I’m learning English at REWA (Refugee Women's Alliance). When I started going there, it was the first time I was ever able to go to school. At first, classes were near my house, so I could walk. Then the REWA moved so I had to take the bus until I got my driver’s license. Most Afghan women said, ‘It's impossible for us to get three buses and go there. Maybe we will get lost. And it will take us one hour to go and an hour to come back.’ So they didn't come. But I went. Later I taught a friend to come with me. It's one of my dreams to study. So even though the school was very far and the time was hard, I kept going.
My father-in-law told me, ‘My daughter, you are very good. You are a good example to show that Afghan women in the US are going to school and getting their license.’ I know before us there were many other Afghani woman who did their best too.
A job, a car, and English are the first things you need to reach your goals. A car is like shoes. If you don't have shoes you cannot walk to a high place. Without a car, it’s very hard to go to college and to work.
I remember my first days, when my husband was going to work and I didn't have a car. My house was far away from where I got groceries. I carried all the bags in my hands and it was raining. I don't forget those days.
Taking the children to appointments was especially hard. Most of the time it was raining, and we had to walk. We got very wet, up to our knees.
At first, my husband helped me to take the bus to school. He took me two times, so I could learn the way to go and what time I had to be there. I couldn't read or speak English. So when I was going on the bus, I was watching. I would keep in mind that behind the station, there is a building, and it is this color. At another stop, there is a railroad near a river, or a school, or a coffee shop. So I was not reading the street numbers, but I knew it was the right stop because of the things I saw around it. Once I took the wrong bus. I recognized that the road was not the road I always go on. I stopped the bus, got out, and spoke to two Americans. I only knew the word station. I asked, ‘The station?’ Then they showed me the way.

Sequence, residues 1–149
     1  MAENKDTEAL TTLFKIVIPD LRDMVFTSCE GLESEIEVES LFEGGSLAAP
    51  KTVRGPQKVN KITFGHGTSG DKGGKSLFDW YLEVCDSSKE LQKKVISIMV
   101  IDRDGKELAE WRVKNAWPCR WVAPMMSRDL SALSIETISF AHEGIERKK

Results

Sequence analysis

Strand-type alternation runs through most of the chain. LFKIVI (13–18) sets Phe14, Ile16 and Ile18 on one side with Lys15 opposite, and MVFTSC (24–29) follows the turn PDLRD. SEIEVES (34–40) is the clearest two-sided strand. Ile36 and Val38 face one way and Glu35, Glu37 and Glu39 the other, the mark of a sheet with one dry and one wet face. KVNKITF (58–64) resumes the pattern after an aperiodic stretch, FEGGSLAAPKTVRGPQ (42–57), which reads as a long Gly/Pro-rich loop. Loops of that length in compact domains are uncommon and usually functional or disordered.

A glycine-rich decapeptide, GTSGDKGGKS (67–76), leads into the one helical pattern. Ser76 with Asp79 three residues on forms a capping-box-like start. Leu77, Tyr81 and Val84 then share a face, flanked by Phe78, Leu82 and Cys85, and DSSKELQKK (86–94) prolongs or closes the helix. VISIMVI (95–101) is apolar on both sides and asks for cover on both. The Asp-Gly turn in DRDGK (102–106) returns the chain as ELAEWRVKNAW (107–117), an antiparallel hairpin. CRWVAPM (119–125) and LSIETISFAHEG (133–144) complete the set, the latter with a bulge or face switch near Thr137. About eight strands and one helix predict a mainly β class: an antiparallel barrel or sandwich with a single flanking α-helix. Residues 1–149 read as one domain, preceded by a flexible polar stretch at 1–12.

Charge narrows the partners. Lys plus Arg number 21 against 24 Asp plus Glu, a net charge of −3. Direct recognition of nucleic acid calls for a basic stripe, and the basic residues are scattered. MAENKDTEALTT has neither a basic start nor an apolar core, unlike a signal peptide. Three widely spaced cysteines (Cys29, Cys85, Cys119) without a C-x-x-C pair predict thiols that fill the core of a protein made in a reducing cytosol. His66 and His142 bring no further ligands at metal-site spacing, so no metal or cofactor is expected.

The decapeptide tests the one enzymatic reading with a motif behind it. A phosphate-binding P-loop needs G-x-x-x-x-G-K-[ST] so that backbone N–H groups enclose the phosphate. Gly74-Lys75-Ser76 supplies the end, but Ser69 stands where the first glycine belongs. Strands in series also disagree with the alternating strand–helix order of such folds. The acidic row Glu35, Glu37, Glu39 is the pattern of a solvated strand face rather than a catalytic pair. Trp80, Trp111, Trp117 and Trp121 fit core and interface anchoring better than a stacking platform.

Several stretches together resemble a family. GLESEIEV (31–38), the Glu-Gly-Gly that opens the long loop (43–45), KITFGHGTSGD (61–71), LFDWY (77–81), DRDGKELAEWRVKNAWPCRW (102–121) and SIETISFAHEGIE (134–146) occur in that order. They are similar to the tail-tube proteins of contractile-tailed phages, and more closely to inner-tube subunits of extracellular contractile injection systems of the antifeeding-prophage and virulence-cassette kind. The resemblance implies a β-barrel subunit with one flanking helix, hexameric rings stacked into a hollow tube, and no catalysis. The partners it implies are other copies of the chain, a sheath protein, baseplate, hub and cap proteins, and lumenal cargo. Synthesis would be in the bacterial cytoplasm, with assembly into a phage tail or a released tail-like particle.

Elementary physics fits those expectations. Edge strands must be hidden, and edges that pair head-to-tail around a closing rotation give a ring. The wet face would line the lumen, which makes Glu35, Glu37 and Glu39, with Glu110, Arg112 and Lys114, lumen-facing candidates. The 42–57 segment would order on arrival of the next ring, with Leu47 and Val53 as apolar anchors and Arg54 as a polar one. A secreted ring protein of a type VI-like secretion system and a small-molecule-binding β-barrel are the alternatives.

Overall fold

Now all the other Afghan women ask me how to ride the bus. I tell them that in the first days, I didn’t know how either. But my husband goes to work from morning until evening. It's me who takes care of the children, who takes them to their appointments, who cooks, who cleans, who goes shopping and brings the groceries. So I have to know how to go by bus. It was challenging, but I did it.
My husband gave me driving lessons. After six months, I got my license and my husband got me a car. I started going to the college.
Then my sister was saying, ‘I have to take my driver’s test. Will you help me to practice?’ We practiced early in the morning two or three times a week. She passed the test and got a job. Well, my sister’s family didn't have a good television. Her children were always asking her when she would buy them one. So the first thing that she bought with her own money was a television. And the second thing she bought were some rugs for her house. The third thing was her car.
She bought her car with her own money. Now she has her own car and she can go to a party, or take the children to the park. Her little son keeps asking her, ‘Mommy what’s camping? My friends say they go camping. When will we go?’ Now maybe she can take them camping this summer. That's very good!